How to Blog Part 1: Why Blog?
By: Lorelle VanFossen
Tags: blog publishing, blog technology, blog writing, blogging, CMS, commitment, content ownership, copyright, discipline, garden wall, how to blog, publishing platforms, social media, social web, walled garden, web publishing, why blog
Category: How to Blog
Why blog? It’s a good question to ask yourself. Consider your answer carefully before you pursue this adventure.
Blogging takes time, energy, and costs little except for time and energy. Do you have the time and energy to commit to this as a three year project?
That just changed your answer, didn’t it?
Most blogs fail within their first three months. If the blogger commits to a year project, it usually falls down after the first six months. If they commit to a two year project, it often lasts, with fits and starts, through the entire process and grows, becoming a part of their life.
Think bigger, blog better.
When people ask me if they should blog, I ask if they have a favorite subject they could talk about and share with others every day for three years.
When you know the answer to that, you will know the answer to why blog.
Really, Why Blog and Not Website or Social Media?
The second and most important part of the question “why blog” is based upon the technology. Shouldn’t you stick to publishing (micro-blogging) on social media platforms? Why not just have a website? Why do you need a blog?
Content published on social media sites often means giving up your copyright and control over your content. Check the terms of service. Once published, you don’t own it.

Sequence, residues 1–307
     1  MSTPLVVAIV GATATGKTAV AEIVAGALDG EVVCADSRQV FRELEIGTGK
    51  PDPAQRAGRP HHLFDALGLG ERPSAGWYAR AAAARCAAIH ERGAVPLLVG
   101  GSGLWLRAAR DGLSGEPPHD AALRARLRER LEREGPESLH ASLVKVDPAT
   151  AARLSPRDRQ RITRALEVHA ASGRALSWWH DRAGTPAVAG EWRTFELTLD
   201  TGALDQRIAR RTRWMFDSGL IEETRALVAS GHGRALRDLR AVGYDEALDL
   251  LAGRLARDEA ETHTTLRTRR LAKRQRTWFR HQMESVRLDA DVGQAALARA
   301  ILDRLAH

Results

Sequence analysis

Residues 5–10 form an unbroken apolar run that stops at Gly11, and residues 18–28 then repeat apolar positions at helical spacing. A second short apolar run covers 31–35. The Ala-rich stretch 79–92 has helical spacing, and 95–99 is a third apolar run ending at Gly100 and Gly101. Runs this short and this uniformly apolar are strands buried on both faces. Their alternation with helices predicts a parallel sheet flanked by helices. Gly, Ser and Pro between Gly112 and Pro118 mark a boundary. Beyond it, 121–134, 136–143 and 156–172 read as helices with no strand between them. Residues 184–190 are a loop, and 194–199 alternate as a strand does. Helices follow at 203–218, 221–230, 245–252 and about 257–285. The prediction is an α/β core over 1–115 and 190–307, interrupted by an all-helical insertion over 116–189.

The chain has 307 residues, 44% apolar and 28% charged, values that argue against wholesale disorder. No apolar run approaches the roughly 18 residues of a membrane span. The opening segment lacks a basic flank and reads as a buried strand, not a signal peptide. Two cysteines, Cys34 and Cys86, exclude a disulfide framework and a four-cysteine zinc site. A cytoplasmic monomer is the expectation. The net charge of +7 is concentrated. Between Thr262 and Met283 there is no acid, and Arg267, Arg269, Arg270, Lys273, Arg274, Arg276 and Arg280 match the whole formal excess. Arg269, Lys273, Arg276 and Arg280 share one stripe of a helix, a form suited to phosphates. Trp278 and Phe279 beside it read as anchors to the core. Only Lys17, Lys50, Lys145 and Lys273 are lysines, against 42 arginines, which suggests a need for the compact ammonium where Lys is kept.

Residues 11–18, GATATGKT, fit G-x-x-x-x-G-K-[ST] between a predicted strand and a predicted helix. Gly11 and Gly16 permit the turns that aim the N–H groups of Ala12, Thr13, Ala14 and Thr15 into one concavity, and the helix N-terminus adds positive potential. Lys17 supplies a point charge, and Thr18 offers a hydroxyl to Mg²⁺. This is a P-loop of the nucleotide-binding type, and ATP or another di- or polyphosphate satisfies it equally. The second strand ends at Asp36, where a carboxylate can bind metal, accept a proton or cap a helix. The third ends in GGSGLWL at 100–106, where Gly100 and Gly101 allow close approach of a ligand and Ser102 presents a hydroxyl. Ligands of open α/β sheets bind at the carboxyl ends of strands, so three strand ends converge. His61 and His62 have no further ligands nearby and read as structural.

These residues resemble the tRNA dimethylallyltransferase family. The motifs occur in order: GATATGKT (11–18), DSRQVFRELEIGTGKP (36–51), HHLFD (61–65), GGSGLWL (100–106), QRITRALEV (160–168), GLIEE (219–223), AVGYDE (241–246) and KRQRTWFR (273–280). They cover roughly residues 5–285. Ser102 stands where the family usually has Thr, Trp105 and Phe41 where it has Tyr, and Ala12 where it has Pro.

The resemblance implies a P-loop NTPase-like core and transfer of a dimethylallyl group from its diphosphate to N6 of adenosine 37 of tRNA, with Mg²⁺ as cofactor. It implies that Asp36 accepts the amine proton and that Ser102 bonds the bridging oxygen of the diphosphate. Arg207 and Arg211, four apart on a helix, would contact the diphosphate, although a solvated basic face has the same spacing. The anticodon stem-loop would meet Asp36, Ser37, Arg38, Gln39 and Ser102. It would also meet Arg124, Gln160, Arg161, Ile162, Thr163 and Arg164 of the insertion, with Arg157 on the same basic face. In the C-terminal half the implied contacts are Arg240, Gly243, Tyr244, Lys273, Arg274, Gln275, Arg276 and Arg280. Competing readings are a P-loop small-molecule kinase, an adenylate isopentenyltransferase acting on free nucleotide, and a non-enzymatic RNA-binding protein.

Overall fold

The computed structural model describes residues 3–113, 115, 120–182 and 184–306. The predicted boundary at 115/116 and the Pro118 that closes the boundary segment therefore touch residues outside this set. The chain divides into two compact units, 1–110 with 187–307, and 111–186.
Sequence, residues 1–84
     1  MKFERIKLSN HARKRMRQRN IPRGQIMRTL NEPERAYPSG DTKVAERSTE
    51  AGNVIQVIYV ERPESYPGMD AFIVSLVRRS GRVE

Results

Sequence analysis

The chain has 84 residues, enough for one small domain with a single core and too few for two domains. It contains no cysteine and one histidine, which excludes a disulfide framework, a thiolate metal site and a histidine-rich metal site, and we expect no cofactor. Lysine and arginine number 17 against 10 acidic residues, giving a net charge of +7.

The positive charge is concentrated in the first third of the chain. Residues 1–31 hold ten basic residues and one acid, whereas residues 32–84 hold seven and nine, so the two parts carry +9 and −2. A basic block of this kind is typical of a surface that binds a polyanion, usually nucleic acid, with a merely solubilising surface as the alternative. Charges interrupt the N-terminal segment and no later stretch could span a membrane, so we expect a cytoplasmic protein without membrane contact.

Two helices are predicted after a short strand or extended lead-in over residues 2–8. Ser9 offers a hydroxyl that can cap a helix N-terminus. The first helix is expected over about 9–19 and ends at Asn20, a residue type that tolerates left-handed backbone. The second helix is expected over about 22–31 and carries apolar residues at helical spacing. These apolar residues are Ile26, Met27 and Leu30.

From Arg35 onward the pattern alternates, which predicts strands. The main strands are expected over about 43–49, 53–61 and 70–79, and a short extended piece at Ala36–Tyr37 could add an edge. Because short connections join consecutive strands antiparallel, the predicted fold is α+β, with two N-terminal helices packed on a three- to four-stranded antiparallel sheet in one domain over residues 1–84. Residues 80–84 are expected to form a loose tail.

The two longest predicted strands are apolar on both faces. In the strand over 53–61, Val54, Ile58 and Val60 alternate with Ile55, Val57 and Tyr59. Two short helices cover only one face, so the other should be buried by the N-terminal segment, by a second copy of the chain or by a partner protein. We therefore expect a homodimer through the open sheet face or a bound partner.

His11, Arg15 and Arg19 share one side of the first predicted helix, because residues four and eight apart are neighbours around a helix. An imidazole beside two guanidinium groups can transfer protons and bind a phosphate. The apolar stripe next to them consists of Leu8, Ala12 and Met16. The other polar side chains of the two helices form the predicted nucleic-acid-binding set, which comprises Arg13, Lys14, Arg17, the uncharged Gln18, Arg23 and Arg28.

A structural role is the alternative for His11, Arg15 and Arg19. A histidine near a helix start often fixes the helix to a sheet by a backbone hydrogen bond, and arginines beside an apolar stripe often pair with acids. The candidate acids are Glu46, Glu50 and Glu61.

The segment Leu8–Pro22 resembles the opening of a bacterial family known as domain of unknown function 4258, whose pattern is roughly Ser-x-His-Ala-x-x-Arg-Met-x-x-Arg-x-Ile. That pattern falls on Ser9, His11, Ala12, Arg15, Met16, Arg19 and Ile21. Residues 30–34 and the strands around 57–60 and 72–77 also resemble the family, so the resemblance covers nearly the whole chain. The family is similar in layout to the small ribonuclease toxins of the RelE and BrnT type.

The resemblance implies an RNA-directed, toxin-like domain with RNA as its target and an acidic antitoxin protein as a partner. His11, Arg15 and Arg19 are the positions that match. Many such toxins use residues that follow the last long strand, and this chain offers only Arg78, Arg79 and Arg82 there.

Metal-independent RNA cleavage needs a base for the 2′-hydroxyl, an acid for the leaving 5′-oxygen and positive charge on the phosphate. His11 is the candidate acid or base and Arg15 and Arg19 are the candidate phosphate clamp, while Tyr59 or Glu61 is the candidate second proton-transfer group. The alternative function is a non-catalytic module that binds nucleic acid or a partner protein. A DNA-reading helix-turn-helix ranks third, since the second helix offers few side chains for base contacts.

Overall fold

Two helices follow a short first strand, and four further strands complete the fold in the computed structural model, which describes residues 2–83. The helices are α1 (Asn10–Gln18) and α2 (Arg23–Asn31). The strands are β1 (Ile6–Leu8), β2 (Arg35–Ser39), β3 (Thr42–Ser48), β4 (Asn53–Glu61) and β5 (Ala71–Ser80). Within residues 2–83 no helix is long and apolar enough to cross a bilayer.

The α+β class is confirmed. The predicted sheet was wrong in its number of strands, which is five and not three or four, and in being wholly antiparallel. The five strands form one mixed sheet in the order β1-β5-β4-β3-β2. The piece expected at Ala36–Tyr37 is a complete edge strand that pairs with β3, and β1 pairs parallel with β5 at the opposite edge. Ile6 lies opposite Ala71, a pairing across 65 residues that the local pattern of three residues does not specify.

Social media platforms often restrict the length and type of media you can publish.
Social media services often restrict whom you may share with. You are usually limited to the audience there on that platform, not the greater social web in general.
Many social media sites are behind a walled garden, which means you must be a member in order to see and access your content.
A blog is a website. The term “website” has come to represent a “static” site with only a few pages or static content. A blog is a website. The difference is that the content on a blog is presented in reverse chronological order by default, a default which can be easily changed to resemble a static website.
Since a blog is a website and merely a Content Management Systesm (CMS), go with a publishing platform that is simple and easy to use, both in publishing and content management, thus use a blog.
You also wish your site to grow with you and have the opportunity for interactivity. Blog publishing platforms are closely integrated with social media and can easily manage thousands of web pages of content.
Large commercial sites like CNN, New York Times, Ford, People, and others are all using WordPress for their publishing platforms, a “simple blogging tool.”
So, yes, you want a blog. What you do with it from there is the first part of the question.
More information in this series exploring the blogging journey and path may be found in the How to Blog category.
3 comments on “How to Blog Part 1: Why Blog?”
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